More common for people with narcissistic and psychopathic traits to go to private school

Narcissistic or psychopathic traits are more common among students who went to private schools compared with those who went to state schools, according to new research from Aarhus BSS at Aarhus University.


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Research shows that students with a number of psychological traits, collectively referred to as “The Dark Triad”, are more likely to have graduated from a private school than from a state school.

The collective term “The Dark Triad” covers three personality traits: Narcissism, psychopathy and Machiavellianism. The latter centres around stopping at nothing to achieve one’s goals. Research based on studies carried out at a number of English universities shows that these personality traits are found more often in students from private schools than from state schools.

“Our research reveals quite substantial group differences in personality traits between students from private schools and students from state schools,” says Anne Pacak-Vedel, postdoc. in psychology from Aarhus BSS.

The research has been published in the scientific journal Personality and Individual Differences1) and was conducted in collaboration with researchers from Durham University in England, the University of Padova in Italy and the University of Kardinal Stefan Wyszynski in Poland.

"In Denmark, we’re actually seeing a movement where municipal schools are increasingly being deselected by families with the financial means to pay for schooling. In the long term, this could lead to a pattern that is more similar to what we found in the UK"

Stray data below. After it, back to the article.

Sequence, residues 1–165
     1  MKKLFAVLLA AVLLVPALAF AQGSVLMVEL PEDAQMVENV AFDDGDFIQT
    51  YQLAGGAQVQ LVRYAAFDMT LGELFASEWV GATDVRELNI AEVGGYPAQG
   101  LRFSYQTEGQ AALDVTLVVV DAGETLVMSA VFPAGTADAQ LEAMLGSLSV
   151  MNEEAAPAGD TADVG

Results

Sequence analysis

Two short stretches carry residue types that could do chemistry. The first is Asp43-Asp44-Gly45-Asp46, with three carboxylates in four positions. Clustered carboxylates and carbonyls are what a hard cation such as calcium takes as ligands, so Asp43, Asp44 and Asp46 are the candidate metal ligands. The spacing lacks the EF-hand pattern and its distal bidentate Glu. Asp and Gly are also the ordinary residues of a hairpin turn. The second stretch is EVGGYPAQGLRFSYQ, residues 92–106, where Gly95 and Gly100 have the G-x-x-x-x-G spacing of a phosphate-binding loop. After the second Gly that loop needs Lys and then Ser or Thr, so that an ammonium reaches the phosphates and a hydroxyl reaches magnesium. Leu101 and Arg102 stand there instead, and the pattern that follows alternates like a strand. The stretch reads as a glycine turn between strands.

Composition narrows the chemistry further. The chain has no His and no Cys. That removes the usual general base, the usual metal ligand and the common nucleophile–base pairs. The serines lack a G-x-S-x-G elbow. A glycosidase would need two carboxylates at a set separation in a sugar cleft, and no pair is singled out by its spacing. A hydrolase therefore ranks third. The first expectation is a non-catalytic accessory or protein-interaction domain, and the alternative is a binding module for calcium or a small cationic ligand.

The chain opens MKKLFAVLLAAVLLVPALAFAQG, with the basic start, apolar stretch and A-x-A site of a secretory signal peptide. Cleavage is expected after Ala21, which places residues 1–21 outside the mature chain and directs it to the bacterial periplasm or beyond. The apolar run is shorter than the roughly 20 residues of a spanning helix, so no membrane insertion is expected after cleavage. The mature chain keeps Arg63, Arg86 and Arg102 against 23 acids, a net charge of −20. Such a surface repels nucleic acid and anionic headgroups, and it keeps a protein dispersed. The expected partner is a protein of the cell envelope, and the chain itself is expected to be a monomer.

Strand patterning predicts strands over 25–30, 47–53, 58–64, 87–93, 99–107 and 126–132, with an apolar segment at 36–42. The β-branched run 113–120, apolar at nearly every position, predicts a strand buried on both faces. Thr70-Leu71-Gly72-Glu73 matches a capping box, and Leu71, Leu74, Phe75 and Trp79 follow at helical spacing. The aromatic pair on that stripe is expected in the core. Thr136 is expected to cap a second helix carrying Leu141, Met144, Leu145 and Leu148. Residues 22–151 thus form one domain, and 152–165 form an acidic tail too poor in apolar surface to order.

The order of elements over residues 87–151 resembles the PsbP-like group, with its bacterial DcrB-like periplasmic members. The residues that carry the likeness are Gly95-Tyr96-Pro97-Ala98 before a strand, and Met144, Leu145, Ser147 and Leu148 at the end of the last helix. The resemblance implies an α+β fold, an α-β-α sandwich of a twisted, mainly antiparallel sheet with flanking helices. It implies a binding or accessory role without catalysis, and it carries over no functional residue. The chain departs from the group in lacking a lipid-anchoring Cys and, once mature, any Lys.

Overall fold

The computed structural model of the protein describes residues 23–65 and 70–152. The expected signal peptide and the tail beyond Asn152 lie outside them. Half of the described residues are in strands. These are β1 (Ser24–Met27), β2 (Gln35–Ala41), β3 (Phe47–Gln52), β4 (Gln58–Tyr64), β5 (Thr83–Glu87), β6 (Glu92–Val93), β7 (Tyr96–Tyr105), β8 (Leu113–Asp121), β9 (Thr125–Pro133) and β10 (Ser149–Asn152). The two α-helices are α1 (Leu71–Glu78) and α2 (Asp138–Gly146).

Anna Pacak-Vedel, post.doc, Department of Psychology and Behavioural Sciences, Aarhus BSS

Intellectual humility

Based on their research, the researchers are able to demonstrate that students who score high on Dark Triad traits have less intellectual humility and poorer academic performance. Intellectual humility means the willingness and ability to revise one’s point of view, for example when presented with better arguments or knowledge. People with intellectual humility are humble about their knowledge, and they acknowledge that others may have greater knowledge or a superior intellect. In short, intellectual humility is the opposite of intellectual arrogance. The study also showed that men were higher on the Dark Triad traits than women.

“Our finding that intellectual humility is negatively correlated with the Dark Triad traits makes good sense, because Dark Triad traits are characterised by a certain arrogance, grandiosity and a desire to position oneself,” says Anna Pacak-Vedel and she continues:

“That intellectual humility also turns out to be positively correlated with grades may be explained by the notion that people with intellectual humility are more aware of the limitations of their own knowledge, and therefore they’re also more motivated to learn. All things being equal, this is conducive to learning.”


Results might transfer to a Danish context